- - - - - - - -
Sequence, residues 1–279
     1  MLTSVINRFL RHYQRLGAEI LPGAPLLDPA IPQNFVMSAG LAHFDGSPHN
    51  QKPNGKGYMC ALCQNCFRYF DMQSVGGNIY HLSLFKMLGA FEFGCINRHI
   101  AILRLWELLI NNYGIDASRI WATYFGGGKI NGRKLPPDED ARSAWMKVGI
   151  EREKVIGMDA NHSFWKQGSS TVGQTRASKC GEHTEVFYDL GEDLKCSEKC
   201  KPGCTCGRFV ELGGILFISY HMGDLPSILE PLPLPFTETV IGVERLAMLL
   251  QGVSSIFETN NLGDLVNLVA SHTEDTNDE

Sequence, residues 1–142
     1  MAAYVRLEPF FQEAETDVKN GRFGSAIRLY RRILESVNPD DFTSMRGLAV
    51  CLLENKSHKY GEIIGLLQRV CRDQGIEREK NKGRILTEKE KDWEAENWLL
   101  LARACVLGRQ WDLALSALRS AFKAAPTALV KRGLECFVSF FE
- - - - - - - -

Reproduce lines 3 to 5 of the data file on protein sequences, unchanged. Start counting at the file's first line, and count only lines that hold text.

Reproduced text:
    51  QKPNGKGYMC ALCQNCFRYF DMQSVGGNIY HLSLFKMLGA FEFGCINRHI
   101  AILRLWELLI NNYGIDASRI WATYFGGGKI NGRKLPPDED ARSAWMKVGI
   151  EREKVIGMDA NHSFWKQGSS TVGQTRASKC GEHTEVFYDL GEDLKCSEKC